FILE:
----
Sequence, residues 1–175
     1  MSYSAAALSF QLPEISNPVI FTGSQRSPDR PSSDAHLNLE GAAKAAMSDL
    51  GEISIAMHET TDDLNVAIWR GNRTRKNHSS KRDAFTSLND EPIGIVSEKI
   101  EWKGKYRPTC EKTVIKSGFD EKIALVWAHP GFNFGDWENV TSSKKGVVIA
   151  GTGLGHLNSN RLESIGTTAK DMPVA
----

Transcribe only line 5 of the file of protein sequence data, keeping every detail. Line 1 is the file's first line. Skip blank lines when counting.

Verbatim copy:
   151  GTGLGHLNSN RLESIGTTAK DMPVA